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This is why minimalism rocks!

April 6, 2010

If I talk about minimalism to others one of the first questions I get is why? What makes minimalism so special that you are willing to “follow” its rules? To be frank I could give you dozens of reasons why minimalism is so awesome but I’m not going to do that. I’m just going to name three reasons:

1. An empty room is a clean room
Student dorms aren’t renown for their cleanliness. But from a health perspective a maximum level for the amount of dust/dirt/pizza boxes/beer bottles/stuff is necessary. But even with that maximum allowed amount of stuff cleaning a single dorm room is very time consuming act. This makes cleaning one of the most annoying tasks there is and the easiest to postpone. My dorm room wasn’t an exception. That changed gradually when I started to throw stuff away. I’m not saying all my stuff, just the things that I didn’t use any more. By emptying my room the time I needed to clean shortened. This comes from a single fact: it is easier to clean an empty surface. Less stuff means more empty surfaces means less time I need to clean. This makes cleaning a less annoying task. This kind of reasoning can naturally be applied to any room.

2. Less commitments means more freedom
Make sure that if you are willing to make any kind of commitment that you are willing to keep yourself to it. If you can’t do that you shouldn’t make the commitment. I’m talking here about commitment in a broad sense. Every commitment, whether it’s promising yourself that you will do a certain task tomorrow or that you will exercise every week on Monday, should be thought through. This may sound a bit harsh but in the end it will liberate you. Why? Just look what happens to your agenda when you make too many commitments. It becomes full with things that probably aren’t even important to you. By making your commitments count you achieve two things. The first is that you and the people around you can rely on the commitments you make. Being reliable goes a long way. That second and best part is that you have much more free time to do stuff that really counts like meeting your friends and enjoying life itself.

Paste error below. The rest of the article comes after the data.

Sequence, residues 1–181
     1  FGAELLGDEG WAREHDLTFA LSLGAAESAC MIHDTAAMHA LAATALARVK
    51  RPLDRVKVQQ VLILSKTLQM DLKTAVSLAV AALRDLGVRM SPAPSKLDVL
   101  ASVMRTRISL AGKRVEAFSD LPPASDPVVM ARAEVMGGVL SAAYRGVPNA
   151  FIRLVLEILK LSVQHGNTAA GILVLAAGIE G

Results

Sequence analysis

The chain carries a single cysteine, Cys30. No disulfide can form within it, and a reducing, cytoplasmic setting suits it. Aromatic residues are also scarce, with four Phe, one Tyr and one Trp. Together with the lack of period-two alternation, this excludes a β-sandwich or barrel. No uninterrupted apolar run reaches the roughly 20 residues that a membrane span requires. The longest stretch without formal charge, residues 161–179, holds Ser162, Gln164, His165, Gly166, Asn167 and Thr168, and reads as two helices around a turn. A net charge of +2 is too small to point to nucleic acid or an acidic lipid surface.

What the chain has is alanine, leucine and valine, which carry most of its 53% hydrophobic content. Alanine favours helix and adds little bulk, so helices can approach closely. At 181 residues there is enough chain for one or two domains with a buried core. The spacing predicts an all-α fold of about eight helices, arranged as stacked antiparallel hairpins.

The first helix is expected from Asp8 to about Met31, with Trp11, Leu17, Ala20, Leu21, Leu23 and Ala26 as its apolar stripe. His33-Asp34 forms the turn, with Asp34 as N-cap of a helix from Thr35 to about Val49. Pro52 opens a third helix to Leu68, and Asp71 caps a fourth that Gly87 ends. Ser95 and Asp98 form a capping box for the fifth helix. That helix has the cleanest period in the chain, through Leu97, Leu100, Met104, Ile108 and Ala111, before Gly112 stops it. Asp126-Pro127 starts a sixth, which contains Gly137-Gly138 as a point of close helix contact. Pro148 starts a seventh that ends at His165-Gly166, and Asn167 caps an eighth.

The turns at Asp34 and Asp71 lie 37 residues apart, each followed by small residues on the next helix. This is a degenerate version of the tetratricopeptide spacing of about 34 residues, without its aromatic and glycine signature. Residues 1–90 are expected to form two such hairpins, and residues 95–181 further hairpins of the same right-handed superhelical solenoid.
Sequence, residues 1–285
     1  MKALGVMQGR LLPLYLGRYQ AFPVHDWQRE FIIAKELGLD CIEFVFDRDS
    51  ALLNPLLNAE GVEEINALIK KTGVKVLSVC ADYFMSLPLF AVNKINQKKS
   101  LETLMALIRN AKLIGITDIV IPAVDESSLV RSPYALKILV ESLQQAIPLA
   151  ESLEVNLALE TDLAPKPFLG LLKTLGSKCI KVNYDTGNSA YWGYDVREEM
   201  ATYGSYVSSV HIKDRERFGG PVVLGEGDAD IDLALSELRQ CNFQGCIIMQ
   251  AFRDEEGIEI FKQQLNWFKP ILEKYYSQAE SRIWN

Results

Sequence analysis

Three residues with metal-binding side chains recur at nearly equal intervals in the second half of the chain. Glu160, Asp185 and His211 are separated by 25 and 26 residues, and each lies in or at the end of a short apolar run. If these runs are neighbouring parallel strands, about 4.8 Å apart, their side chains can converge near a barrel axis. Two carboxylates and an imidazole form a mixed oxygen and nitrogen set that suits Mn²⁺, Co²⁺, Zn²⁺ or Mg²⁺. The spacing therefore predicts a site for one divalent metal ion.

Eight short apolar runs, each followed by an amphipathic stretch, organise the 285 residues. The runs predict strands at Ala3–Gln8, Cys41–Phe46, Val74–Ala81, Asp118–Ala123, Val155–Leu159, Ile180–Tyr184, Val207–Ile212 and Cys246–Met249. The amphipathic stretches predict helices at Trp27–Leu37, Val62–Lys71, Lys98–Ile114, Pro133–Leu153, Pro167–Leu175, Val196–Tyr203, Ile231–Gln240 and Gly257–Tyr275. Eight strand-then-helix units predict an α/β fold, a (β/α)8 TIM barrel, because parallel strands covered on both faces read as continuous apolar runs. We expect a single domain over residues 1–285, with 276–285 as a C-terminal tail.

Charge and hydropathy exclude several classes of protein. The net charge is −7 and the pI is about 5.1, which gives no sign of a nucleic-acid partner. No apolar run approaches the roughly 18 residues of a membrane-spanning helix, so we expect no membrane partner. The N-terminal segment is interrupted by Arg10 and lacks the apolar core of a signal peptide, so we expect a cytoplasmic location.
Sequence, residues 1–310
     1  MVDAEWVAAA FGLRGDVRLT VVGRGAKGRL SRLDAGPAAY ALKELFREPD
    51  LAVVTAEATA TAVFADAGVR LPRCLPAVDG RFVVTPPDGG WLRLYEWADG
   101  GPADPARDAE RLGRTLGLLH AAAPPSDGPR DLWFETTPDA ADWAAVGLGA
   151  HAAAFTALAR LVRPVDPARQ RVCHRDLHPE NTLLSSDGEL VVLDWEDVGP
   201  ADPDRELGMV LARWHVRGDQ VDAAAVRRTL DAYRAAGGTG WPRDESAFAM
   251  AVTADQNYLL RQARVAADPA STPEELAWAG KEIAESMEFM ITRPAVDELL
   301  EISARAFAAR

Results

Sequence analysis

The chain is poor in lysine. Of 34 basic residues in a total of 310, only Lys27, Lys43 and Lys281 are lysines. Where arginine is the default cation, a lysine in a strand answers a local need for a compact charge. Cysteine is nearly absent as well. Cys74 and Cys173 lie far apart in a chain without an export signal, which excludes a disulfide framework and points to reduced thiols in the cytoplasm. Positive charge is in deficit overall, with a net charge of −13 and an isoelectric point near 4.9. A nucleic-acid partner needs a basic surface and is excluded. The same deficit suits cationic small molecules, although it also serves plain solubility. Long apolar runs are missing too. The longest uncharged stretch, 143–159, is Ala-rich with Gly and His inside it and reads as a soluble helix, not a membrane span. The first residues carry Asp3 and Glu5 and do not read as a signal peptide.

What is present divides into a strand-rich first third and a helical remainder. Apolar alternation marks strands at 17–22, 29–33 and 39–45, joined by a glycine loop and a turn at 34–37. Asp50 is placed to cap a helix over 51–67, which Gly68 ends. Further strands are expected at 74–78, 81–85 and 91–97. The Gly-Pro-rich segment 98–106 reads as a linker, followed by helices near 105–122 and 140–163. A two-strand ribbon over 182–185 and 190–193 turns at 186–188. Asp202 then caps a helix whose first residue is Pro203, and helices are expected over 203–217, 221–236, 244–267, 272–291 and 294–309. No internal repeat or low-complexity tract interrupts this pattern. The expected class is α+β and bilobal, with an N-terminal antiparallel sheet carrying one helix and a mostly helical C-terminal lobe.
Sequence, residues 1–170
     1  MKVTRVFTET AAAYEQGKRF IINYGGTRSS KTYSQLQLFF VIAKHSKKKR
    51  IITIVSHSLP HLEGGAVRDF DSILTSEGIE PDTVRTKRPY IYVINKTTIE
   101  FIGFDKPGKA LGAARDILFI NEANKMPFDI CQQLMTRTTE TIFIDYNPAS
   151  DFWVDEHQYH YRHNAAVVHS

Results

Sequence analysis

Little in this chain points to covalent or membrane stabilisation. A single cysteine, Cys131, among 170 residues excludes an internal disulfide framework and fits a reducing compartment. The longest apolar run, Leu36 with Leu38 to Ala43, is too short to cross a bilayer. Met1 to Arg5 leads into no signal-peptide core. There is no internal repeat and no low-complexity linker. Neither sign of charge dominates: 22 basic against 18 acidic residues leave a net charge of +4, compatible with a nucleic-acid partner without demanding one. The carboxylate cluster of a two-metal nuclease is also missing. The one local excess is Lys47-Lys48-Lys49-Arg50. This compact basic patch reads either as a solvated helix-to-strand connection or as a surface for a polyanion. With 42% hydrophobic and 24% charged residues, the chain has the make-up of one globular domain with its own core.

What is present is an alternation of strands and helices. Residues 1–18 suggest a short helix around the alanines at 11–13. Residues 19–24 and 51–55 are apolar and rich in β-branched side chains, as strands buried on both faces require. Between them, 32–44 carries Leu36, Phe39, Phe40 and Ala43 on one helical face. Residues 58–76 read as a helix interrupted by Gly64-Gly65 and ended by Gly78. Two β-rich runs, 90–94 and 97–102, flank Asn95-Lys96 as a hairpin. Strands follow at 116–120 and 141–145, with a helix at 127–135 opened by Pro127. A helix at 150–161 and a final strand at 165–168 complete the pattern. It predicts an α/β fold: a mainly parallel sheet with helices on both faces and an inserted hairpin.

3. Stop buying things keeps my wallet full
There is a danger in emptying your closets and that is that you will buy new stuff just to fill the empty spaces. By minimizing your impulse purchases in general you can save a lot of money. A nice example is when I quit smoking about six months ago. Quitting smoking should translate in 120 euros (I smoked a lot) less expenses but at the end of the month I was as poor as I was the month before. From the moment I stopped smoking I instinctively started to buy more food, games, anything. Some minimalists use a 30 day rule. If you still want to buy something after 30 days you should buy it. I’m not completely sure if that will be my solution but I’ll inform you when I find a system that works for me. Until I find that system I try to make every purchase a conscious act. The result is that I am a richer man than I was last month. Now I can do or buy things that really matter like going to the zoo with my girlfriend.

These reasons combined give me the following sentence. Minimalism gives me a nice and clean living and work environment, enough time for me to do the things that are important to me and the means to execute them. And that is why I choose minimalism as a lifestyle.

[tweetmeme source=”living_minimal” only_single=false style=compact]

2 Comments leave one →
  1. Frank permalink
    April 10, 2010 16:19

    But why cufflinks?

    • April 10, 2010 20:44

      Nice picture. :) but the symbolism is in the question marks.

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